One thing that made the difference is the way the salesperson at company number two followed up with us after his presentation. He called and texted and emailed and showed us he was at the top of his game. 

They did the work, and we’re happy with it. The building inspector who came out afterwards told us (without prompting) that the company had done excellent work. 

So, we’re happy. But puzzled. We haven’t heard from the salesperson or anyone else at the company since we authorized the job. 

Leaves you feeling like a commodity instead of a client. Slam, bam, thank you sucker. 

Anyway, not following up with us was a mistake. And not just because there’s a cooling-off period and we could have canceled the job if we got cold feet. Following up after the sale gives the company the opportunity to keep the customer happy and take a step towards creating a “lifetime” customer or client instead of just another entry in the ledger. 

We didn’t hear from them after the work was done, either. No calls to see if we’re satisfied or had questions. 

And that’s another mistake. 

To this day, weeks later, they don’t know if we’re happy. Or have other work we want to talk to them about. Or have a neighbor who might like to talk to them. 

Nothing. Not even a note thanking us for our business.

Or a request to provide a review or referrals.

If they had asked for a review, we might have mentioned that the building inspector volunteered that they did a great job. Thorough and tidy. Very reassuring to a prospective customer who sees that review. 

But now, because the company didn’t ask, no review. 

If this is how they operate on every sale, they’re missing out on a lot of additional business. A cautionary tale for anyone in a service business or profession. 

It’s so simple. Call the client after the work is done (or have an assistant do it), see if they have additional questions or concerns, send them some brochures or a referral card they can pass out to people they know, and if they’re happy, ask them to leave a review. 

The only thing worse than not doing some simple after-sale follow-up is what company number one did after they emailed us their bid. 

They did nothing. 

They didn’t follow up to see if we want to go ahead with them, had any questions, or needed help with financing. They didn’t ask if we went with another company and, if so, why. 

And now, weeks later, they haven’t followed-up with us to ask if we’re still interested (and hadn’t hired anyone). Or if we went with another company, had problems, and needed to talk to them about fixing it.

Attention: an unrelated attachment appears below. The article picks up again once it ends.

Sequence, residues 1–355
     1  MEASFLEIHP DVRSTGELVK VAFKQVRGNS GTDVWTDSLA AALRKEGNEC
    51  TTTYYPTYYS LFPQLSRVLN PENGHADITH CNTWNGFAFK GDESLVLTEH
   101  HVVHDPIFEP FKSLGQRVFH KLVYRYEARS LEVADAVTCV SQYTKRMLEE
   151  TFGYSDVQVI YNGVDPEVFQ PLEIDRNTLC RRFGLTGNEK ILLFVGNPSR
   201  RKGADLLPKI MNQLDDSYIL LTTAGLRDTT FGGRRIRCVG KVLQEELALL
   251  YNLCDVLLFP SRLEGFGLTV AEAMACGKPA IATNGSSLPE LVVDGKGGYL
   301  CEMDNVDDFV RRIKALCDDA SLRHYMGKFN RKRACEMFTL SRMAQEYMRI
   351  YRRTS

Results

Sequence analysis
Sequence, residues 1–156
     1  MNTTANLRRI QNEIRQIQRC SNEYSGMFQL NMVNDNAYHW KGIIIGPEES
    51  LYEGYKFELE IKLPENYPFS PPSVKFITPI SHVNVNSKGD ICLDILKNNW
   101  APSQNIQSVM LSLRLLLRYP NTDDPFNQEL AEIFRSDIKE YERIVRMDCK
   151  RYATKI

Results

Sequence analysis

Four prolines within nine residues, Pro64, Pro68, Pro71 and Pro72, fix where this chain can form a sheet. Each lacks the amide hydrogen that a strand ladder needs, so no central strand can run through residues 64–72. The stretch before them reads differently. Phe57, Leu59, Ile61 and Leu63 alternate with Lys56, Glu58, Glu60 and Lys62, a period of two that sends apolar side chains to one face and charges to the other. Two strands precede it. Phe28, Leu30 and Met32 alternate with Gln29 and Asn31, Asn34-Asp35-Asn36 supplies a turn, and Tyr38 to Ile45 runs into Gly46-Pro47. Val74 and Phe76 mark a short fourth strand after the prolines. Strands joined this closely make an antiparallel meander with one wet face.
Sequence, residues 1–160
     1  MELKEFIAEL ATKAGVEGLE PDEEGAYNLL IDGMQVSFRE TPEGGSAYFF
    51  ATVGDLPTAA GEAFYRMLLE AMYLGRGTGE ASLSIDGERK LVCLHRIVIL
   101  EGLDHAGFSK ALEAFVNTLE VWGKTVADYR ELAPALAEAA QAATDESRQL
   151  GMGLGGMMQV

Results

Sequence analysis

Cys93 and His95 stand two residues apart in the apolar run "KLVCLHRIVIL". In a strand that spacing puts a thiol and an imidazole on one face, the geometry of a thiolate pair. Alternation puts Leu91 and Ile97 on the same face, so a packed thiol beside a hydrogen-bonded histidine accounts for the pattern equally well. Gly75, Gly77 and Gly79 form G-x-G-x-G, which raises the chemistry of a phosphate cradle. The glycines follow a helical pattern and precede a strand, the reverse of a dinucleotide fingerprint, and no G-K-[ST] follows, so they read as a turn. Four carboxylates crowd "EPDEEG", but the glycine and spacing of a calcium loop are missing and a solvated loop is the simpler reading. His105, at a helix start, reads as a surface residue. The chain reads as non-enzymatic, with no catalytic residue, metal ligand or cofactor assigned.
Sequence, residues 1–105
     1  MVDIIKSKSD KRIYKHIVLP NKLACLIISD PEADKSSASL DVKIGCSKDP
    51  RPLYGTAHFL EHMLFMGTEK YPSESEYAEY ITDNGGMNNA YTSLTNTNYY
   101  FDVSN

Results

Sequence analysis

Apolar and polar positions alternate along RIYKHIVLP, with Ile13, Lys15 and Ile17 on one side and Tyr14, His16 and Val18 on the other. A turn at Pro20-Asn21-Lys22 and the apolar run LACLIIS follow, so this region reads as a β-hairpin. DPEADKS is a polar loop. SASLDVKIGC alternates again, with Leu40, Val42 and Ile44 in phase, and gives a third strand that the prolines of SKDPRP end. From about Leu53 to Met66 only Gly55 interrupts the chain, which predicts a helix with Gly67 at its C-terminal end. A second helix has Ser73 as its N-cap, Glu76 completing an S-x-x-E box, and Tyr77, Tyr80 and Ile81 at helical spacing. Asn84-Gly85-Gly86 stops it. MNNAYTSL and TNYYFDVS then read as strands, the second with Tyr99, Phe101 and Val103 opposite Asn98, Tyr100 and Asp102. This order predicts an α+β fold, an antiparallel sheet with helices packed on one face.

Follow-up during the presentation process, after the deal is signed, and after the work is done. Or after the prospect doesn’t sign up. 

Never stop following-up. Because tthe fortune is in the follow-up.


How to get new clients to pay you more


Actually, you can do this with existing clients, too. Anyone who is about to hire you or authorize you to do some work. Before you hand them the retainer or ask for the go ahead, ask them one more thing:

“Do you want fries with that?”

That simple question sells more fast food and it can sell more legal services. 

It’s called an upsell, and it’s an effective way to get clients to hire you to do more than they originally contemplated. 

It’s good for them, because they get something else they need but might have postponed. It’s good for you because you get paid more, but also because it’s one less thing to ask them about later. 

It works because the client is in “buying mode”. They’ve already decided to hire you for something and thus are more likely to hire you for something else. 

Instead of asking if they “also” want your additional service or add-on (your fries) you can ask if they want to upgrade their entire “purchase.” If you offer a basic service and a deluxe version, explain why they should consider the upgrade—the additional protection they get, the convenience of not coming back for more later, and, if (if you want), that they will save money by buying the package instead of getting all of your services separately. 

You could instead position the extra services or addons as a free bonus for electing your deluxe package.

Another option for you is to “cross-sell” instead of “upsell”. Bundle your other unrelated services, or the services of another lawyer in your firm, and give the client reasons to get everything at the same time.

Upsells and cross-sells are simple ways to get clients to pay you more (and be happy about it).